Nowadays, creativity is one of the skills which makes us stand apart from others and have better chances for a good life. We need to be creative both at work and in the family to tackle everyday issues.  Unfortunately, traditional classrooms don’t always value creativity, and sometimes even hold it back. Our role as teachers is to nurture creativity at every opportunity. Here, I will come up with a number of tried and tested activities in ESL classes which boost students’ creative skills.

Make Predictions

This simple technique nurtures creativity and critical thinking. You can ask your students to guess what comes next in reading assignments (fiction, essays, informational articles) as well as video segments you play in class (movies, television shows, recorded dialogues). They usually come up with very interesting scenarios. 

Take Two Sides

Take a controversial statement and challenge your students to list some reasons in support of the statement as well as some reasons against it. This will help them to think beyond their own opinions. 

Creative explanations

Vocabulary words can be taught in many creative ways. For example, verbs such as walk, tiptoe, and skate can be practiced with the help of the following instructions:

  • Show me what it’s like to walk in deep snow. Show me how you might walk on hot sand.
  • Imagine that you’re tiptoeing past a sleeping polar bear.
  • We’re on a frozen lake in Antarctica. Let’s skate with the penguins!

This type of activity will work great especially with kids since they «need» TPR approach to be more involved and enthusiastic. 

Big Questions

The teacher  boards  so called big question, for example, How do people have fun?

Students explore the many ways that people have fun around the world. During the discussion, they may come to the subject of celebrations. They may discuss the following questions on celebrations:

  • What is a celebration?
  • What do people celebrate in your area? How do they celebrate?
  • What is needed to make a celebration successful?

As a further step, the teacher gets students working together to plan a celebration. They must determine:

  • What are we celebrating?
  • What is our celebration called?
  • Who is invited?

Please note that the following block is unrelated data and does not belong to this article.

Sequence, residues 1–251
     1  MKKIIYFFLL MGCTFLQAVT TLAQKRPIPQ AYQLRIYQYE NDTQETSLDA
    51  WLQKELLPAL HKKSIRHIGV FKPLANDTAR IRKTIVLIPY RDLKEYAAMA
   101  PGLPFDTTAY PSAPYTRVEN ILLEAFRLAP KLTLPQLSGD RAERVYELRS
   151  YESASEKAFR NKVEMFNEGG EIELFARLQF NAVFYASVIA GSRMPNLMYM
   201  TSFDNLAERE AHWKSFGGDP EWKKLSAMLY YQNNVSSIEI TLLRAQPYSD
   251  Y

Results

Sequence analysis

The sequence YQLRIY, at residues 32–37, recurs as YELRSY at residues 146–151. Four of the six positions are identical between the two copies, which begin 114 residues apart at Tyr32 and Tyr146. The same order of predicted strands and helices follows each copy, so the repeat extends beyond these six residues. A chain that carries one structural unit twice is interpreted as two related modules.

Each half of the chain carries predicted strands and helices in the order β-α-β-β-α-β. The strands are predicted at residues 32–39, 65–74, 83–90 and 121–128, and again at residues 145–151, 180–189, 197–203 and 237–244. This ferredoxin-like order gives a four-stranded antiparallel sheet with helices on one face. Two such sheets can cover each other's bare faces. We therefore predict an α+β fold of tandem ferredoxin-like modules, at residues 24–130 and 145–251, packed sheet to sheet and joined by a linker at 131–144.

• How will we celebrate?
  • What will we need to prepare?

As students plan, they also create. Students might create a poster, gather materials for their celebration and finally share what they have planned with the rest of the class.

Creative Writing

For this activity, I usually divide the students  into two groups and board the beginning of the story: “It was a dark and stormy night.” Then, students in both groups had three minutes to write a story and then hand it to their partners to continue writing about the same subject and complete the story. The group who had the best story with the best grammar and content would get points.

This writing activity triggers not only creativity but also teamwork. There may be times when students can’t come up with any writing ideas. In such cases, the teacher may prepare some prompts for students. For example some words, like «rain, car accident, lovers, alone at home, milk, neighbors». The choice of words can be quite wide. The teacher can also prepare a number of visual cues by choosing random pictures from online resources. The photos will also somehow guide those students who seem to have difficulties with creative writing tasks.

Students Creating Their Activities

From time to time the teacher may assign the group to create some revision or engaging activity for their peers on the topic of the lesson. They usually come up with guessing games, broken telephone, crossword puzzles, etc. When students create their own games, they get more involved and enjoy the learning.  

Find a Connection

Finding connections between objects, concepts can create a range of great creative activities.

The teacher brings a bag of random items to your class or draws up two lists of unrelated items on the board. In pairs or small groups, students select two or more items and explore different ways they can be connected. The results can be absurd, but the process is invaluable. From a language point of view, the functional language of similarity and contrast can be used (like/unlike, similarly, on the contrary, etc)


Brainwriting is an alternative to brainstorming where the learners first write and then discuss. It gives even the silent students take time to express their creativity.

How to brainwrite:

  1. Get your students to write down a few rough ideas for solving a particular problem.
  2. Each piece of paper is then passed to the next learner, who reads it silently and adds their own ideas to the page then they pass the page on.
  3. Repeat until everyone or a least a few have had a chance to add. The notes can then be gathered, ready for discussion.

A creative classroom is a joyful and motivating place where learners  feel empowered to learn, where all ideas are welcomed, and where learning is deep and meaningful Creativity is a lifelong skill that our students will take with them into their adult lives to solve problems and help build a better world.

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